#TuksCricket: Winning the 2023 USSA Cricket Champs is the perfect way for Jack Lees to end his student-athlete career

Posted on December 15, 2023

The Tuks cricketers have achieved something unique this season: not losing once from January to December.

A definite highlight was winning the 2023 USSA Cricket Championships in Cape Town this past weekend. Tuks beat NWU Pukke in the final.

Tuks captain, Jack Lees, can be forgiven for thinking, "I love it when a plan comes together."

"Winning the USSA tournament is the perfect way to end my university cricket career. Being the captain and contributing with the bat to our success makes it more memorable."

Lees ended the tournament by scoring 209 runs in four games at an average of 41.80. His best inning was his knock of 110 runs against UWC. In the final, he scored 54 runs.

He is not one to let statistics get to his head. For him, when he steps onto the field, there is a job to be done. It does not matter whether it is with a ball in hand or a bat. Lees considers himself a batsman who can take wickets when needed.

Remaining unbeaten throughout the season is a statistic Lees is justifiably proud of. He is unsure how his cricket career will play out next year. Lees has a Titans high-performance contract up to April. Then he is off to Northampton to play club cricket in England.

"The challenge for me will be to make the most of any opportunity that comes my way. I am lucky to be naturally inclined to be an attacking batsman, but that does not mean I see myself as a specialist one day or a T20 cricketer. Ask any cricketer, and they will tell you that test cricket is the pinnacle of our sport. The same goes for me. I will forever be grateful for how TuksCricket's coaches have gone to help me fine-tune my technique," said the Tuks cricketer of the year.

Kundai Matiguma was the top bowler of the USSA Cricket tournament. In four matches, he took 14 wickets at an average of 9.36.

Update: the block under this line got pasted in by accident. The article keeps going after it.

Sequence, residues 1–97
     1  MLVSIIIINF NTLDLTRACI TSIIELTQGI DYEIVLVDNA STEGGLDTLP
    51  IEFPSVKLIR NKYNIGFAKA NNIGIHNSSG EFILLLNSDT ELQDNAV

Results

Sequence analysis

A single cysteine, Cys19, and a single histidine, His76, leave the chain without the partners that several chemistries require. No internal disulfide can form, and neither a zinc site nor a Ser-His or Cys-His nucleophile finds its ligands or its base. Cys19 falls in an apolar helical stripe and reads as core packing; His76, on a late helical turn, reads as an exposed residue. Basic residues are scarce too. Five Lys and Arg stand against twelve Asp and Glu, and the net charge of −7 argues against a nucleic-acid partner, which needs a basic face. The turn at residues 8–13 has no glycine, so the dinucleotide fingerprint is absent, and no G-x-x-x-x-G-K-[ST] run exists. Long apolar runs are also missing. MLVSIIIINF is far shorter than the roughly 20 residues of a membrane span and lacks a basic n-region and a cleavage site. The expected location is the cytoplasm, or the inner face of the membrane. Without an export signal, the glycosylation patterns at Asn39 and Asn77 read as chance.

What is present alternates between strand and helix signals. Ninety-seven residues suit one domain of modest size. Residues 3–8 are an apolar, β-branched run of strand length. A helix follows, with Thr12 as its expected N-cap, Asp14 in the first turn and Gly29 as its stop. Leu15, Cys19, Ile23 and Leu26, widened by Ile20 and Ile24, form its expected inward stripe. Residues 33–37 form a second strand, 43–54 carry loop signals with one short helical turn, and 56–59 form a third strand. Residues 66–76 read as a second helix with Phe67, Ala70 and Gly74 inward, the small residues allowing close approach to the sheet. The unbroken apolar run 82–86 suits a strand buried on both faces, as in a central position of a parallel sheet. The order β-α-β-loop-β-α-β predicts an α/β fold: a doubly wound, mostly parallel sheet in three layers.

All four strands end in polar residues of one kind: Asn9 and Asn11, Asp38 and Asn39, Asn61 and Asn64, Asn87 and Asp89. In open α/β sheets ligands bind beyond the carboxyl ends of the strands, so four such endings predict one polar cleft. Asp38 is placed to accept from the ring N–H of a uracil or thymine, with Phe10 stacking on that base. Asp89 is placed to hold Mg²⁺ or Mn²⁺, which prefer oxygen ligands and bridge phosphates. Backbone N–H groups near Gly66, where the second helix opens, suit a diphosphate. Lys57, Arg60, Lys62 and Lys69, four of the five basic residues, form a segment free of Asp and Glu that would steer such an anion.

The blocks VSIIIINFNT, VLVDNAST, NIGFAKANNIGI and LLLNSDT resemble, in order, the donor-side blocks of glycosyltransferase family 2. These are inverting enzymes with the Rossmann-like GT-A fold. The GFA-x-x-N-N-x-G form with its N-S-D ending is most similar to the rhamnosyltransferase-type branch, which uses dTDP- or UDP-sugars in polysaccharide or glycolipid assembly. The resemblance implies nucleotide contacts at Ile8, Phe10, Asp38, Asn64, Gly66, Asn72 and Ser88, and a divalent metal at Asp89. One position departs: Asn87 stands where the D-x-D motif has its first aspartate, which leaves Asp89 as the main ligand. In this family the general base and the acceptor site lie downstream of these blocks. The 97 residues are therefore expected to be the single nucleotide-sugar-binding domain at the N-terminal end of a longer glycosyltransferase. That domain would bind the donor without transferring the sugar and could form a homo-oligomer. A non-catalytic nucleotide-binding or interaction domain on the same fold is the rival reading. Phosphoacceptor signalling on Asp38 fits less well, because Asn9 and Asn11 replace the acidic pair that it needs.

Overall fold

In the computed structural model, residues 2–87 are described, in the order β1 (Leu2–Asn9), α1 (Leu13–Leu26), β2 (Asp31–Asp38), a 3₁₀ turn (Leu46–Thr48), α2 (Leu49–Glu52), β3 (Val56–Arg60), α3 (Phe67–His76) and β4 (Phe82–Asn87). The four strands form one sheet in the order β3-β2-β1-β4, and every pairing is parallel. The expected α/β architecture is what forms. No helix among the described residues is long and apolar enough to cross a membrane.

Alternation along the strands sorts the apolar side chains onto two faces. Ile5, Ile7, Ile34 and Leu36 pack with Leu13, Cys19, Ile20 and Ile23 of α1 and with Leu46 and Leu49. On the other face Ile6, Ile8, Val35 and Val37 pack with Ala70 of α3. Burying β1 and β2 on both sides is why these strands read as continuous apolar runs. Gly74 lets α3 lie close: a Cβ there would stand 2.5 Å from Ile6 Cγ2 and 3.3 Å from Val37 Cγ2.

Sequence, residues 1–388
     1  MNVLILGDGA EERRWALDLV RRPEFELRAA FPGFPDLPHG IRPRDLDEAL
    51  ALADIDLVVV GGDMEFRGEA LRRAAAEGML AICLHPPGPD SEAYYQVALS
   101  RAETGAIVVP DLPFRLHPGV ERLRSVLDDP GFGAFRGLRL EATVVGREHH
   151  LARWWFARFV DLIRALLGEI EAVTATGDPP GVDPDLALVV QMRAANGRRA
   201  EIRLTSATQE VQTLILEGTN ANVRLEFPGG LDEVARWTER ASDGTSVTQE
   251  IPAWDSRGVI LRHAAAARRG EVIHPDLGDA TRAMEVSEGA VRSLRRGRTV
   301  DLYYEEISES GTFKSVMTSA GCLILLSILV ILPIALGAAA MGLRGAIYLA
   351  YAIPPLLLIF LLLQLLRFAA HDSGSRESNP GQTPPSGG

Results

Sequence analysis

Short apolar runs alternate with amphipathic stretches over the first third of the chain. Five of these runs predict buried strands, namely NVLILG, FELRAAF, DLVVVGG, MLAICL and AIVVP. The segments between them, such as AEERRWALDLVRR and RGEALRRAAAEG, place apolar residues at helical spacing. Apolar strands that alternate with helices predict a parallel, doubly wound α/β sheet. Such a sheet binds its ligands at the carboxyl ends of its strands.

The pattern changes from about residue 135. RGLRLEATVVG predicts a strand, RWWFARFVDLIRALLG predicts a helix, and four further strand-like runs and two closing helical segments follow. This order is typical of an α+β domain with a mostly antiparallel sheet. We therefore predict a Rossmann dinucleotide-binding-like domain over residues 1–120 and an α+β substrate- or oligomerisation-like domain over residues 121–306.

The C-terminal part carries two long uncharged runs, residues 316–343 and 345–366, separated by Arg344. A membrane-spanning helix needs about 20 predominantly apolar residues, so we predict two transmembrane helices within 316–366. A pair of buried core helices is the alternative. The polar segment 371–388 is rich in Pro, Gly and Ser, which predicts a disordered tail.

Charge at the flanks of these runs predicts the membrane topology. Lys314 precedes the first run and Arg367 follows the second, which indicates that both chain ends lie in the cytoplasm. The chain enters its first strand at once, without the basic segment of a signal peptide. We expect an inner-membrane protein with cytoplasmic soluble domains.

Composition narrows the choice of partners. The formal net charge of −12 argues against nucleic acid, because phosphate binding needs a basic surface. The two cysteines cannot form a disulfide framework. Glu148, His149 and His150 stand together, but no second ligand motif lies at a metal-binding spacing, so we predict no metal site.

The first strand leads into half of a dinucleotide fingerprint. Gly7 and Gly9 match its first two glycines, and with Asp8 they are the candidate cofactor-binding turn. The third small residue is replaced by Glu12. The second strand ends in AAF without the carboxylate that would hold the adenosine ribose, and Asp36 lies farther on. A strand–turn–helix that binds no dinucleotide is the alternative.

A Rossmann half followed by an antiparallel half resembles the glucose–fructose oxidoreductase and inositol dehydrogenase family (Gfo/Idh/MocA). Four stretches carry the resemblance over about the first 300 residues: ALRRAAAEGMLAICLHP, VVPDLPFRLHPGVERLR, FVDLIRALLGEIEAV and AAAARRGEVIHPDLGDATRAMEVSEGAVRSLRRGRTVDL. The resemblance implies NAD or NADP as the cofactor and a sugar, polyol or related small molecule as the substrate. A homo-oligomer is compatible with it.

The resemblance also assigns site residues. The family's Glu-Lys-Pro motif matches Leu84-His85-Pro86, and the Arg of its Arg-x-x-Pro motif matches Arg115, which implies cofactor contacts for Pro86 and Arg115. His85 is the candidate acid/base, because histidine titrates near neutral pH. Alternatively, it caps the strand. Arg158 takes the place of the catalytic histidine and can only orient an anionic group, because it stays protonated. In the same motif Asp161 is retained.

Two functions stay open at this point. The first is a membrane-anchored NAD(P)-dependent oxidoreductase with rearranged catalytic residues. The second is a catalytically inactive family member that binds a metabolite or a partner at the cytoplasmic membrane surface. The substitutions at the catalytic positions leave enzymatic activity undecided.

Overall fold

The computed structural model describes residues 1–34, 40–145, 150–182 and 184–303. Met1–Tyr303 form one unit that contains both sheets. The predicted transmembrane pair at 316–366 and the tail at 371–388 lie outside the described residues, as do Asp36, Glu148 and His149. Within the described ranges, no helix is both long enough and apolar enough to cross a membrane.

The BAEd student is a passionate fast bowler. When he has the ball in hand, only one thing matters. That is to get a batter to take the long walk back to the dressing room. But it was not always the case. He was a batting all-rounder when he played for St. George's College in Zimbabwe.

The current English test cricketer, Sam Curran's dad, Kevin, got him to rethink his role as a cricketer.

"One day, he told me to run in and bowl as fast as I could, saying that I had the height to be a good fast bowler. I did. It did not take long for me to fall in love with the idea of being a fast bowler. Over the past few years, I have continuously bowled faster. The last time my bowling speed was measured, I was bowling at 141 km/h," said Matiguma, who is 1.86 metres tall.

"I am not only fast. I have learned the skills to swing the ball both ways and picked up a few 'tricks' that have stood me in good stead in T20 cricket. To me, bowling is all about outsmarting the batsman. That is why I love studying their batting techniques. It helps to know when they will go for the big hit. Then, I will come up with a delivery to outfox them."

The USSA Cricket final was possibly the last time Matiguma would represent Tuks at a university tournament. Next year, he will be 26. His dream is to play for Zimbabwe once he completes his studies.

- Author Wilhelm De Swardt

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